Turf Magazine - June, 2009
Down by the River
Waterfront location brings flood of maintenance challenges
|Photos Courtesy of Waterfront Development Corporation.
|Louisville Waterfront Park prides itself on being a safe, welcoming place for residents and visitors. Among its policies,
the park is lit until 11 p.m. each evening, and a security guard is on duty each night.
Louisville Waterfront Park
is setting the standard for what an urban park can be. Over the past two
decades, the property has been reclaimed from industrial use (gravel
operations, junkyards, etc.) and transformed into an acclaimed green space
along the picturesque Ohio River.
Realizing what a potential jewel the site was, efforts
began about 20 years ago to begin assembling parcels for construction of a
park. A master plan was created to guide various phases of the project,
which helped to spread the cost over time. “And it whet the appetite
of the public, as well,” says Gary Pepper, who has directed grounds
maintenance at Louisville Waterfront Park (www.louisvillewaterfront.com) for the past 13 years. “By opening small pieces at a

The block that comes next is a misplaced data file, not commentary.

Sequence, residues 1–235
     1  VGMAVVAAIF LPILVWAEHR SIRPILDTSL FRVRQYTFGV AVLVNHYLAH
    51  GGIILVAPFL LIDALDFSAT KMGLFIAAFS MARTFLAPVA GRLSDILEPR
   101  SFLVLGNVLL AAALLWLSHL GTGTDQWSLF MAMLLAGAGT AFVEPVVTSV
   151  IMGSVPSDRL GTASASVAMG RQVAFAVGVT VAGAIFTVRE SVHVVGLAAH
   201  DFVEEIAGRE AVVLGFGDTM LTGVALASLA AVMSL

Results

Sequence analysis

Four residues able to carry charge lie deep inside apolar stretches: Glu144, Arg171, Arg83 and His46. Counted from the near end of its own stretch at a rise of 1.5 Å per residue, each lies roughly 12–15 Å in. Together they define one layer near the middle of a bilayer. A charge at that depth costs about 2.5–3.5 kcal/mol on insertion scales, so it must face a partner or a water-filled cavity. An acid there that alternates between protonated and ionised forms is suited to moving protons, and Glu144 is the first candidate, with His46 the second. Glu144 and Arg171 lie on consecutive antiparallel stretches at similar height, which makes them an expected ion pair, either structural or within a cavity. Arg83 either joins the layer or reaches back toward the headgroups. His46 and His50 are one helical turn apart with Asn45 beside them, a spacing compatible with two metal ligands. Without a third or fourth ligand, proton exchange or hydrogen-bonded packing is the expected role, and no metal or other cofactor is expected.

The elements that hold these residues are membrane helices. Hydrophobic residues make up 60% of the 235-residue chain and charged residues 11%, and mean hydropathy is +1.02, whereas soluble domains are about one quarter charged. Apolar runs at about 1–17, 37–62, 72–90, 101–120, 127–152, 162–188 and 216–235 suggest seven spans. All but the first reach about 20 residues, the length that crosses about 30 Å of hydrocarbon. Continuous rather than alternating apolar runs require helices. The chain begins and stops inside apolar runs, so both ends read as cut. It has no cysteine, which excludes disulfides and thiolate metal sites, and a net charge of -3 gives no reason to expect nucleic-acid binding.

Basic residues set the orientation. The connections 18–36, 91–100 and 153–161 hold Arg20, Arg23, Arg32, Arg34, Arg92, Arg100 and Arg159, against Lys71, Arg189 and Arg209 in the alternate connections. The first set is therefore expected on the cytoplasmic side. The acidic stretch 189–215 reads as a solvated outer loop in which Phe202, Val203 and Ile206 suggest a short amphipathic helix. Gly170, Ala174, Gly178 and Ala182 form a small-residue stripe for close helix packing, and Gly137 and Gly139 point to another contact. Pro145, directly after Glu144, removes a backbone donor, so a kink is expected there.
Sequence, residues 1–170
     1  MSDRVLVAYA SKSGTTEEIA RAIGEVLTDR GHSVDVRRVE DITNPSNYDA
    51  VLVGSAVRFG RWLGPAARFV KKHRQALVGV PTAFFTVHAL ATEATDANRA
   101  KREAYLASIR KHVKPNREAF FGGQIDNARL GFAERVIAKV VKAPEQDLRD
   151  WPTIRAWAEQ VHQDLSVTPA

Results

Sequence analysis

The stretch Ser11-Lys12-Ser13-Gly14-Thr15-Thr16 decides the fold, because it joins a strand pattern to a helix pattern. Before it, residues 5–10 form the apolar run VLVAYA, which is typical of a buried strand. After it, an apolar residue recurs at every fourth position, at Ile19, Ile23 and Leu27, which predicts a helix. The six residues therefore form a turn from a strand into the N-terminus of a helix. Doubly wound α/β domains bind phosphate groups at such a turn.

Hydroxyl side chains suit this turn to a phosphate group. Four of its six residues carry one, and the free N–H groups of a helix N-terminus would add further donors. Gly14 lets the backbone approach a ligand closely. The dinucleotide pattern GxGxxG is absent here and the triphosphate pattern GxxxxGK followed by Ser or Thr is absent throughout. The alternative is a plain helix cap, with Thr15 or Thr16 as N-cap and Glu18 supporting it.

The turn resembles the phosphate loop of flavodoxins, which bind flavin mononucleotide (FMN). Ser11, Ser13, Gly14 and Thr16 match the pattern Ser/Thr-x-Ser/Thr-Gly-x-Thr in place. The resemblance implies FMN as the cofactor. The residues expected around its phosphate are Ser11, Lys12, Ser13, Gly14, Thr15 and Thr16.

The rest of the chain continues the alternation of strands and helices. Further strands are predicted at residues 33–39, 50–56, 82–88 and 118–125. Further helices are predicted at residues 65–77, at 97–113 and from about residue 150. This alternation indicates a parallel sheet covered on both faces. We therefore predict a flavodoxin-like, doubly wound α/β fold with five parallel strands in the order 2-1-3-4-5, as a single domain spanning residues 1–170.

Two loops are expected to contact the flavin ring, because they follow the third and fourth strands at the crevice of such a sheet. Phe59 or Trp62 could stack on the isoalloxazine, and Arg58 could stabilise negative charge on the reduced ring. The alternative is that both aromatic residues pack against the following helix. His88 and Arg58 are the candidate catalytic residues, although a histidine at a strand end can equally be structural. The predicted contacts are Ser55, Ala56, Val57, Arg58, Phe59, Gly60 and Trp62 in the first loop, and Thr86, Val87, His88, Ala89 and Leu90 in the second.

time every few years, people really got excited about seeing another phase
completed. It’s really kept the public involved in the process,
rather than just opening the entire park at one time.”
Directed by the Waterfront Development Corporation,
the first small portion of the park was unveiled in 1994. The second area
(a giant brick wharf that accommodates large river boats) was completed two
years later. The third section was opened in 1997 and included the
“Linear Park,” featuring a playground and roughly 26 acres of
heavily landscaped park area. In 1998, the 10-acre “Great Lawn”
was opened as a centerpiece for the park and immediately won acclaim; it
has since been named the nation’s “Best Lawn for Family
Fun” by Briggs & Stratton. Adjacent to the Great Lawn, a giant
harbor (with free docking, water, electricity, etc., for private
watercrafts) was built, actually jutting into the park itself and
surrounded by grass. Together, all of these areas totaled 54 acres and
comprised Phase I.
Phase II was introduced in 2004, with 35 acres located
about half a mile away at the far east end of the park. Another floating